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Am J Epidemiol. 2002 Jul 15;156(2):122-4; discussion 125-6.

Invited commentary: body composition in studies of aging: new opportunities to better understand health risks associated with weight.

Author information

1
Geriatric Epidemiology Section, Laboratory of Epidemiology, Demography, and Biometry, National Institute on Aging, National Institutes of Health, Bethesda, MD 20892-9205, USA. Tamara_Harris@nih.gov

Abstract

The expected increase in the proportion of older persons over the next century underscores the need to identify modifiable risk factors for disease and disability in this population. One such risk factor is weight, which plays a role in many of the diseases common in old age and contributes to risk of disability and death. However, there is confusion and controversy regarding health risks associated with weight in old age. The emergence of new technologies to assess body composition should allow opportunities to better understand health risks associated with weight in old age, as suggested by the new report in this issue of the Journal. While application of these technologies to population studies will still require careful attention to methodological caveats important in studies of weight, the ability to separately examine lean mass, bone, and fat should shed light on the underlying biologic processes pertinent to risk.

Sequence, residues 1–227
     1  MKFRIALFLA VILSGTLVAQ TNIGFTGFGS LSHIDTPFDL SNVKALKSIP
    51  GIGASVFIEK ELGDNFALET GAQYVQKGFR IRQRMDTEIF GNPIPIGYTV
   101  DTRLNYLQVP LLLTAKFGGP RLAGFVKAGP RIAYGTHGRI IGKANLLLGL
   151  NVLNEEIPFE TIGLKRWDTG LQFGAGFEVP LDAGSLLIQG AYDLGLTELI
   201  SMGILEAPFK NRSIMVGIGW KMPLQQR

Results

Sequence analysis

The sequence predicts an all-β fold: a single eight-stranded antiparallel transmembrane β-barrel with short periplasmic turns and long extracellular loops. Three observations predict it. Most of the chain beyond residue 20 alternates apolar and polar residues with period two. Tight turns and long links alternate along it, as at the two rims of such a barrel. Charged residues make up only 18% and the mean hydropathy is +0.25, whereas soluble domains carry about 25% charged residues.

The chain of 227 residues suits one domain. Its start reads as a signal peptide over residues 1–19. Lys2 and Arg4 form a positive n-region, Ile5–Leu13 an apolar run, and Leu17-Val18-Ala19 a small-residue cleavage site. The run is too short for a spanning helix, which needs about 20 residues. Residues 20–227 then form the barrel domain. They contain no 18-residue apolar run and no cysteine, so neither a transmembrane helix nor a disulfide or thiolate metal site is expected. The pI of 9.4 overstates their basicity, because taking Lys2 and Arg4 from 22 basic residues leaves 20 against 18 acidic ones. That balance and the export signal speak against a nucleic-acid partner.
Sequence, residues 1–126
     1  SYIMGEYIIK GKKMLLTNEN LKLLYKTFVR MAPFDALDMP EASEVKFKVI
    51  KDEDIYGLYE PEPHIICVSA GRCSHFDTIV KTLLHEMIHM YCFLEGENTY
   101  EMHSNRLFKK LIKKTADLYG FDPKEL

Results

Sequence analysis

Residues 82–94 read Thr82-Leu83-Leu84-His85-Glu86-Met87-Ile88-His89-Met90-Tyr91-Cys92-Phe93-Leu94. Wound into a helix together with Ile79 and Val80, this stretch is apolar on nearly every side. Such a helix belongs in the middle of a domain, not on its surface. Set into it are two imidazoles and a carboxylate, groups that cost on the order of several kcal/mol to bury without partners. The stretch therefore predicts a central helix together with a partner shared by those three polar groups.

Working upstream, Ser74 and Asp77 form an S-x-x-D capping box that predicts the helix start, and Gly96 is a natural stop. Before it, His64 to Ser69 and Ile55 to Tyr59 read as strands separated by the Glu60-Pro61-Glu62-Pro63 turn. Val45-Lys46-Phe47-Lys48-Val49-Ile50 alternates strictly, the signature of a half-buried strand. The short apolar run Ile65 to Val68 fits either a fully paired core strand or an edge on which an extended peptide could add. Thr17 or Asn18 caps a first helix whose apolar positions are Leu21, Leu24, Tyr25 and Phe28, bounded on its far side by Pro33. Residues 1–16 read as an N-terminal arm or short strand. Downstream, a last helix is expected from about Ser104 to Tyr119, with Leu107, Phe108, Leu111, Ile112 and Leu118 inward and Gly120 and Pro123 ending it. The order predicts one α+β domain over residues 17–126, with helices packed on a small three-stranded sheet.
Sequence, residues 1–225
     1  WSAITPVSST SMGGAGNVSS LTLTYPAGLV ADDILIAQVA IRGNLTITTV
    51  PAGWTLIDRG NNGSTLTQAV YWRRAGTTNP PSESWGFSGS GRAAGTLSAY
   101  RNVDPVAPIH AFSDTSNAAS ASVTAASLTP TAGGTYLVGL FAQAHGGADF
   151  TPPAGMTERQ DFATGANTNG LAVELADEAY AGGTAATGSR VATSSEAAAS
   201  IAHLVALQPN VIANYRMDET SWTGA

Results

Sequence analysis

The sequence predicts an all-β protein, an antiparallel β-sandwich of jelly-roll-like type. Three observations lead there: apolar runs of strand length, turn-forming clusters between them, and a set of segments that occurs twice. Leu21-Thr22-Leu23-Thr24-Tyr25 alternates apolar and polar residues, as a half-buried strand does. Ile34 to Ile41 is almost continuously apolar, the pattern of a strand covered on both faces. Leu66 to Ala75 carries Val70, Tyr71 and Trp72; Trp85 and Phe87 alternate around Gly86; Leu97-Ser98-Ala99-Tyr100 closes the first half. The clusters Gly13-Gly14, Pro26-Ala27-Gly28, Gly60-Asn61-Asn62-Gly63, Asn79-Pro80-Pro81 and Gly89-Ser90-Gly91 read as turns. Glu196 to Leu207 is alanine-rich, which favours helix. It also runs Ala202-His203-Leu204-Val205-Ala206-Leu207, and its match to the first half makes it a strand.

PMID:
12117701
DOI:
10.1093/aje/kwf024
[Indexed for MEDLINE]

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